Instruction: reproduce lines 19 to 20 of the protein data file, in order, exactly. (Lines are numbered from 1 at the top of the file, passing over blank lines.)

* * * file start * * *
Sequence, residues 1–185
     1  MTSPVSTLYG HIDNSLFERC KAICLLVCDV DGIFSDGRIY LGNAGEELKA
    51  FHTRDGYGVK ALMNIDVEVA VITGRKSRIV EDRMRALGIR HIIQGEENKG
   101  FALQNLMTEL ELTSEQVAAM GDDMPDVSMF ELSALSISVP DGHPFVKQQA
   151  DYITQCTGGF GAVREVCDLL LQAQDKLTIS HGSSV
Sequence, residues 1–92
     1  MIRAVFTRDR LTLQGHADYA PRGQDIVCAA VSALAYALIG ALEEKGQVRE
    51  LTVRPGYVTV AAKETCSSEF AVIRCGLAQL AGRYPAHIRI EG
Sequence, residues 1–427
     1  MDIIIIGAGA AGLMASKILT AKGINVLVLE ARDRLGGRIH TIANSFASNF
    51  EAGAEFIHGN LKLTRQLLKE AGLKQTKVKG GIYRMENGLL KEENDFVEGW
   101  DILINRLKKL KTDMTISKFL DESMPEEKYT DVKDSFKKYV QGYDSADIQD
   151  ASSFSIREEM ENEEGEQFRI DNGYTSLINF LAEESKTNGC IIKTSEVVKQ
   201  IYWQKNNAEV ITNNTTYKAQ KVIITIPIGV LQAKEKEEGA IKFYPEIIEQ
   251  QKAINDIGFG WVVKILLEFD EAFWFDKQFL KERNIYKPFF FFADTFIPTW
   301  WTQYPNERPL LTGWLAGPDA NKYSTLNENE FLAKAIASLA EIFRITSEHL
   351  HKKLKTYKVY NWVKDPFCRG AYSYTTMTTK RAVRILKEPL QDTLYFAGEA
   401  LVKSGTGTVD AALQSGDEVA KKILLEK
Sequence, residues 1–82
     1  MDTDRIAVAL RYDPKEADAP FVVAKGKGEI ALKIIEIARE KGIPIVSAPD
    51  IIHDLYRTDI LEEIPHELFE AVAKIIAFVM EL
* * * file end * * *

Sequence, residues 1–82
     1  MDTDRIAVAL RYDPKEADAP FVVAKGKGEI ALKIIEIARE KGIPIVSAPD